The right to bear arms is considered an unalienable right in the United States. The dictionary defines unalienable as an adjective meaning “not transferable to another or not capable of being taken away or denied…” If a fundamental right that is incapable of being taken away, is, in fact, taken away; it would create precedent for other pieces of the constitution to be taken away, including freedom of speech. One argument used in Justice Stevens article is one of the most common arguments from the left used in the gun debate. The argument attempts to present the second amendment as outdated and invalid in this day and age due to mass-shootings and the ownership of semi-automatic weapons by citizens. However, this argument is based on the premise that one: semi-automatic weapons did not exist when the Second Amendment was written, and two: that our founding fathers were so naive that they didn’t even consider the possibility of guns becoming larger, more efficient, and more powerful. As a video by conservative comedian and political commentator Steven Crowder states, “By the time the Second Amendment was written, many ‘assault weapons’ already existed.” Crowder goes on to mention several weapons including the Belton Flintlock, the Girandoni Air Rifle, and the Puckle Gun, an early version of the Gatling Gun, which was invented 60 years before the Revolutionary War.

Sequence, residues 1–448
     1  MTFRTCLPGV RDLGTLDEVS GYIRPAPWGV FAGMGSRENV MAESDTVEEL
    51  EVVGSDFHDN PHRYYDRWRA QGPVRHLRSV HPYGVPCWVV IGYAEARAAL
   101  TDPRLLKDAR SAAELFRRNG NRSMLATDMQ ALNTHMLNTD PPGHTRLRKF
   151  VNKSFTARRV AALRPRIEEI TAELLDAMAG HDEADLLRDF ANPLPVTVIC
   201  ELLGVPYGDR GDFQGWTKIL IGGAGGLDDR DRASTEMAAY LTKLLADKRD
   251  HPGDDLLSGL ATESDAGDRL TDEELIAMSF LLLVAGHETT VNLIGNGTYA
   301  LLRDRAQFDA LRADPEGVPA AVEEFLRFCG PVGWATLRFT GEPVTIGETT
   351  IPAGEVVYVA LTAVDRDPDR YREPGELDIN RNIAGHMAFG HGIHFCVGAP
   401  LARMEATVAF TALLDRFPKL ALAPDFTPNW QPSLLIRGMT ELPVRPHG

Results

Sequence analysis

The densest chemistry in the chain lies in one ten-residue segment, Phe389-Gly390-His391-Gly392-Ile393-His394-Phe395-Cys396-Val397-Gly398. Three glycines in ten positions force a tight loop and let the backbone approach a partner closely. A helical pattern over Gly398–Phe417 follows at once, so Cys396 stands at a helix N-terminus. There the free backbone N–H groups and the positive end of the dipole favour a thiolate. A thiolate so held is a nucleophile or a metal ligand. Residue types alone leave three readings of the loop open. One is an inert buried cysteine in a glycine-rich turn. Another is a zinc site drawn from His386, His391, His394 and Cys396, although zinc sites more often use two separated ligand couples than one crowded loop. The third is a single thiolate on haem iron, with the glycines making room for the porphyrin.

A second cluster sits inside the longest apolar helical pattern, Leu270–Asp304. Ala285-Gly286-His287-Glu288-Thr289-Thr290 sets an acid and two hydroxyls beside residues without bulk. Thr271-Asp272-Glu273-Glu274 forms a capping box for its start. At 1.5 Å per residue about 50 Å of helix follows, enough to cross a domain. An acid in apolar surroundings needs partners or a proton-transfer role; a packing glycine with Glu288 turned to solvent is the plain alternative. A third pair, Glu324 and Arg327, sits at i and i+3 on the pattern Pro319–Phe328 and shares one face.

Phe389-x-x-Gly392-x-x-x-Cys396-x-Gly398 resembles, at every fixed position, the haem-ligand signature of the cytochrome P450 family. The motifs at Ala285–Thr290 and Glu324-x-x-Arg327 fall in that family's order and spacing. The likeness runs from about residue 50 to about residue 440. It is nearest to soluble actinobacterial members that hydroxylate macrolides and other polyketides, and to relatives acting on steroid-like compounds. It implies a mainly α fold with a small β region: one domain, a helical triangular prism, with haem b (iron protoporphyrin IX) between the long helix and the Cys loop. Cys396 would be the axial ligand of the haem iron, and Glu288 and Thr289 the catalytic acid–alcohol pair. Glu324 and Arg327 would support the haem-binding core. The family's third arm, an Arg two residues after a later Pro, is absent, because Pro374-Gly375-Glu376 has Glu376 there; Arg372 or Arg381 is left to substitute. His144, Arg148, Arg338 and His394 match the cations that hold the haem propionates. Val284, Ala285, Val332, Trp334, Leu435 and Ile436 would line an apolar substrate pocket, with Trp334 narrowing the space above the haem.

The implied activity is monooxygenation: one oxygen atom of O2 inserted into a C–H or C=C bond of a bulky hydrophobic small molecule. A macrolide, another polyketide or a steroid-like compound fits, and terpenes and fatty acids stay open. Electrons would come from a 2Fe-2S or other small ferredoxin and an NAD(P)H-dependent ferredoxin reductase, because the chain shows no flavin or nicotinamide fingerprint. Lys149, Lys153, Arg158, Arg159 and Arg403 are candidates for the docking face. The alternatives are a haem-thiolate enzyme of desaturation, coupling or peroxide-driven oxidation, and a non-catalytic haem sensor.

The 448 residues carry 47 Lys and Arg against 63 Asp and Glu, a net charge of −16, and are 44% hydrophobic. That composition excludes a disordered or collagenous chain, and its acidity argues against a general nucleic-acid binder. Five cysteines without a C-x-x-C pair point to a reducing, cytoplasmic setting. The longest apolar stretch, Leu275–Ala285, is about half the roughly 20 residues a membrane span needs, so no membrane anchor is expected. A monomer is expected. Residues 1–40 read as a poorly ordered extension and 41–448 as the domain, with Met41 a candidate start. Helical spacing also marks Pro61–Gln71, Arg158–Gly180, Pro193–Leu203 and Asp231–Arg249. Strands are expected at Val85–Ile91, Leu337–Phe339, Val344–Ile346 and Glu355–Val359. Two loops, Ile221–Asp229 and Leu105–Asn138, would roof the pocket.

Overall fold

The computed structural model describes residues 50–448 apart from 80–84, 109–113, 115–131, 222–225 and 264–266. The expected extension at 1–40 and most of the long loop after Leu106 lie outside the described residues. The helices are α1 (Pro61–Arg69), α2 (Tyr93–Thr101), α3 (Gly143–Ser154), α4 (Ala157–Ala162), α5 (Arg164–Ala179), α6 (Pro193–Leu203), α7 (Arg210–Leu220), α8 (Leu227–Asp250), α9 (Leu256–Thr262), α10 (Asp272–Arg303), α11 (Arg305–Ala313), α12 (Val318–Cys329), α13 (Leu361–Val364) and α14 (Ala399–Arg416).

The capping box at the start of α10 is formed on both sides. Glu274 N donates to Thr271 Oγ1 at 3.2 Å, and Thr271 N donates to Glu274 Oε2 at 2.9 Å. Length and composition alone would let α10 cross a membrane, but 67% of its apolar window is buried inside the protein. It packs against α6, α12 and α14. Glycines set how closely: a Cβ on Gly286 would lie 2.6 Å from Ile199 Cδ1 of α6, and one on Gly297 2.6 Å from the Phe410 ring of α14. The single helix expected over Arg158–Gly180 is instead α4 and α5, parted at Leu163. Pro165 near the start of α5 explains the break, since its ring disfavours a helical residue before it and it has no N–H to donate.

An outright ban on guns, just like every other policy mentioned in this article, also wouldn’t work. Australia, for example, instituted a mandatory gun buyback in 1996 and 2003. The buyback is often cited as a successful piece of anti-gun legislation, but it has been shown to have had little to no effect on violent crime or homicide rates, and failed to prevent a mass shooting last May which claimed the lives of seven people. Another commonly used example of successful gun policy is England. However, England’s strict gun laws have not stopped the murder rate in London from being higher than that of New York City, due to a surge in fatal stabbings.

So what can be done? It needs to be made harder for people struggling with mental health issues to gain access to firearms, while making it easier for them to get the help they need. Infamous Parkland school shooter Nikolas Cruz was refused help from a mental health institution, which made it possible for him to legally purchase a gun. America needs to have these restrictions in place,while being careful not to limit law-abiding citizens fundamental right to arm themselves.